A cumaru and padauk urn in a modernist style.
I joined two cumaru boards with a visible padauk spline. Never having seen this done I was a little concerned but in theory it should work fine in a box since adjacent sides will support one another. To make the groove I set the fence a tick over 1/8" from the blade and ripped two cuts on either side then reset the fence and removed the center.
The miters were cut on the table saw. (no pics)
After taping the edges of 3/8" plywood squares, I inserted them into the inside groove to keep pieces aligned during glue up. Happily it worked.
The same jig came in handy for gluing the padauk frame. Tape on the corners keep the miters aligned perfectly. This frame will overlap the inside and support the cumaru cap.
The cumaru cap will float freely inside the frame and is attached with a screw to an inside dust seal made from 1/2" lauan plywood.
Mostly assembled, awaiting the bottom. Here you get an idea of the final monolithic shape, to my eye it's stalwart, masculine. If you've never worked with cumaru, it's very hard but brittle and splintery. Like the board is made from millions of 1/16" long splinters (looks that way too) and I was constantly picking them out of my hands and repairing spots where bits of grain would break off the edges. A block plane or piece of sandpaper to (carefully) chamfer the edges is your friend.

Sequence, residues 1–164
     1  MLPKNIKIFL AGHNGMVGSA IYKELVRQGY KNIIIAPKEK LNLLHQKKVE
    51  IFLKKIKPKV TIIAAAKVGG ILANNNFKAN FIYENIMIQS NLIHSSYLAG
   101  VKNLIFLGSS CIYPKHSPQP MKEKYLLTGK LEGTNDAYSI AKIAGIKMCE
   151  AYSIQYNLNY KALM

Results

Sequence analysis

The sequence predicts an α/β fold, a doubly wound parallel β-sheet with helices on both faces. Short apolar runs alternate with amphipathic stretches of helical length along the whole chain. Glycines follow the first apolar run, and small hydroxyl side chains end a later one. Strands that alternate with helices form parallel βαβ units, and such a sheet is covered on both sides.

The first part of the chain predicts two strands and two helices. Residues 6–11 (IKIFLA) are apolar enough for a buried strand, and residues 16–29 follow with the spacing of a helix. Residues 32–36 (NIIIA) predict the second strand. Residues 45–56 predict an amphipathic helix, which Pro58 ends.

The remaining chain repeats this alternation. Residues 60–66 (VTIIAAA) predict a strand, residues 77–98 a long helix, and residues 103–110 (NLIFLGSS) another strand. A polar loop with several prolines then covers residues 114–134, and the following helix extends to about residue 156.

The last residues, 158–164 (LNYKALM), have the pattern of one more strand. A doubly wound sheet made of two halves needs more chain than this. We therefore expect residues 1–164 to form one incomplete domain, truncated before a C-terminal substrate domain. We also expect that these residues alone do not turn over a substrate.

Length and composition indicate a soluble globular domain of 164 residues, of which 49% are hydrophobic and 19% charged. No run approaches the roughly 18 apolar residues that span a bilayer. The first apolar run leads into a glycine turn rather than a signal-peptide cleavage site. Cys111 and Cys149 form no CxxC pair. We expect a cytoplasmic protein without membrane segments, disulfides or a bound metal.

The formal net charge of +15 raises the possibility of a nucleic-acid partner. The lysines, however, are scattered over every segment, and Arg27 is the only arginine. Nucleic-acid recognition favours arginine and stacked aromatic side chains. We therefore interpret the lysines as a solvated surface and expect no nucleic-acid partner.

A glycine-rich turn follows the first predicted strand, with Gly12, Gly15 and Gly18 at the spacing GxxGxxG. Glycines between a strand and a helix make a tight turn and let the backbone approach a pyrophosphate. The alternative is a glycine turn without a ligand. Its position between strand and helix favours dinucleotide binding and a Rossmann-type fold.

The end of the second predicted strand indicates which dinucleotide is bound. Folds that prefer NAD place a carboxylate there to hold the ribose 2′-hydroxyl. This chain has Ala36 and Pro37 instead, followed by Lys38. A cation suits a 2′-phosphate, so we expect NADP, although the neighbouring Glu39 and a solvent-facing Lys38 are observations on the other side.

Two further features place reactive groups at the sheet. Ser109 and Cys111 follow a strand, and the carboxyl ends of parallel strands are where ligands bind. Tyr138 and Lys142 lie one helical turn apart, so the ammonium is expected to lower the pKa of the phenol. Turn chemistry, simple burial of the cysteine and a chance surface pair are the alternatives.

The feet are made from 5/8" thick padauk. The legs are assembled by first gluing the butt joints, then reinforced with 3/16" maple dowels, the angles cut on the miter saw using a jig, and finally the dowel ends are colored with a shop made dye made from soaking padauk chips in lacquer thinner. After sanding, the feet will be glued in place. Two poplar cleats are glued to the sides for fastening the bottom lid.
The completed urn
Finish is oil and wax.
Final size is about 11.25" tall including feet, and 7" wide. Very close to the Golden Ratio by pure coincidence, I didn't plan it that way. Volume is approximately 250 cubic inches.
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